We’ve become so used to those around us, friends, family, neighbors, and colleagues, changing the way they eat throughout the year that its been normalized. Some say that 85% of women and will attempt a diet in their lifetime, most of which will continue dieting behaviors for upwards of seventeen years!
Dieters typically make four to five attempts per year. Even Men.
It seems there’s more going on here than just an effort to eat healthier…
So, what exactly is Chronic Dieting?
The American Journal of Clinical Nutrition defines Chronic Dieting Syndrome as: “going on and off of calorie restricting for over two years”, as well as being “obsessed with weight and size.” It may be a surprise that we even consider Chronic Dieting a “syndrome,” since it’s such a culturally acceptable reality. Everyone is on a diet, and if not: we eye them with suspicion…
The billion dollar diet industry coupled with the beauty standards displayed to us in our visual media fuels this obsession with having the “perfect” body. There’s always another “new” and “fast” way to lose weight every month, to get smaller, leaner, tighter. In the supermarket checkout, cover after magazine cover, touts how much weight so-and-so celebrity just lost and how they did it.
Chronic dieting is camouflaged as a path to great wellness and health. In the 90’s it was all about waifs, and “heroine chic” – and now “strong is the new skinny“… However, the reality couldn’t be further from the truth. And deep down, we probably all know this: Chronic dieting actually erodes the health and wellbeing of our bodies. Chronic dieting can contribute to physical problems such as:
- high blood pressure,
- nutrient deficiency,
- a slowed metabolism. And often leads to
- psychological problems such as anxiety and depression.
Weight cycling – that yo-yo effect of going up and down in weight due to dieting – can lead to feeling like a failure because our “ideal” weight is never reached and if we do reach it, then it is so often unmaintainable. Overall, chronic dieting is detrimental to our wellbeing. Isn’t it time to get off the dieting hamster wheel and end this chronic obsession with dieting? The biggest question on anyone’s mind then is: sure – but how? How do we trust our bodies when we step away from trying to constantly control our food intake? How do we take a step towards a positive and powerful relationship with our food, that deeply supports true health and wellbeing instead?
As with any problematic habit that we seek to move past, we must first deeply understand our attachment to the behavior. We have to be willing to do the often difficult and honest inner work that brings about change and transformation.
Will it be easy? No. Will it be worth it? Always.
Our first task is to ask ourselves what compels us to engage in this behavior – what is the true underlying outcome that we hope to achieve? And, if we actually reach our goal, what then?
We must become more aware – and this takes time and patience and work. Shifting from an attitude of loathing and suspicion to one of self-compassion and curiosity about the process is key. This will give us the clues to help us let go of this painful cycle. We may find that chronic dieting:
- Gives us the illusion of control over our food our body, and even our life as a whole.
- Gives us “high” moments of success.
- Makes us feel like we are being virtuous, by always working towards being “good” when it comes to food.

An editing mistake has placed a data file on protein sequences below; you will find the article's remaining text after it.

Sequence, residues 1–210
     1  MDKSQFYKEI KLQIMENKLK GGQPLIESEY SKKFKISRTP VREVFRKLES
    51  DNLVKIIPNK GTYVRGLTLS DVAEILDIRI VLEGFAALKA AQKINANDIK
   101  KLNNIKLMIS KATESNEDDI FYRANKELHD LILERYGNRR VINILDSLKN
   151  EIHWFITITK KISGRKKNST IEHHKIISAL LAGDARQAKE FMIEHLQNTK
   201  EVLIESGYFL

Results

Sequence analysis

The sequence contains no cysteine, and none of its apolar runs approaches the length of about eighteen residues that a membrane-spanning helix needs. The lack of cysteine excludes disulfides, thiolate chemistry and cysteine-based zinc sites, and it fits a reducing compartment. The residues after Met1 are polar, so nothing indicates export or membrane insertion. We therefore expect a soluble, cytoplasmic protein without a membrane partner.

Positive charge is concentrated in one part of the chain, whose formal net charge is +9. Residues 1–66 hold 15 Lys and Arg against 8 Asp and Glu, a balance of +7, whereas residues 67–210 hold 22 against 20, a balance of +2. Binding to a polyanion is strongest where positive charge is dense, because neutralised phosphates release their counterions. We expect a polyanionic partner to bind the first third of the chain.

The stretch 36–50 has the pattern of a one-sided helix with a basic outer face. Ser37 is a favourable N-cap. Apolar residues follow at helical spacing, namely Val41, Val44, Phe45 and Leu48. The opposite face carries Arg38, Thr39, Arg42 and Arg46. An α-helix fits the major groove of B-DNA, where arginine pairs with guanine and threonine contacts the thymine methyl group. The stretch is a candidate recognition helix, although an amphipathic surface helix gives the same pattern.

- Keep us in a familiar (yet painful) emotional loop of feeling bad about ourselves, because we failed our diet yet again.
- Keeps us connected to a hopeful (yet elusive) belief that if we just work harder and strive harder, we’ll become the “better version” of ourselves that we long for.
The concern with all of these reasons for staying attached to our diet is that none of them come from a place of centeredness, peace or power: they are all born from stress and fear. The control, the emotional roller coaster, the self-judgment, the striving, etc. It all keeps us in a chronic state of stress. Checking out any of the latest studies on the effects of cortisol in our bodies alone should make us step back and reassess what we’re really wanting and what life is really asking of us.
Chronic Dieting is a Chronic Stress State
We know about stress in the 21st century – we know it’s the root cause of so many of our debilitating illnesses: cancer, arthritis, autoimmune diseases, heart conditions, and more.
Chronic stress also deeply impacts our ability to lose weight due to the way stress locks our body into a survival response, which in turn, slows our metabolism down. Our bodies have a job to do to keep us alive the best it way it can with tools and environment it is given to adapt to.
But why choose to survive when we can thrive?
Here at the Institute for the Psychology of Eating, we understand that in order to move towards the foods that deeply nourish us – and a body we love – we need to let go of things like chronic dieting, and chronic stress in our lives.
The good news is that there are many wonderful and varied ways to reduce our stress and get reconnected to our body in a way that promotes a much healthier relationship with food.
- gentle yoga
- slowing down
- self-acceptance and compassion
- any movement that makes you genuinely happy
- connecting to life’s joys and pleasures
All of these methods:
- Relax our body – which ramps up our metabolism (our ability to lose weight) – and strengthens our immune system.
- Connect us to the sensations of our body – which supports us in listening to our full and hungry sensations. We can then learn how to regulate our food intake – from the inside out, versus the dieting approach of portion control.
- Calm and soothe our mind and emotions so that we can learn how to be truly self-compassionate. Being kind to ourselves takes us out of the painful and stressful loop of self-judgment
Turns out that nutrition and health isn’t always about food.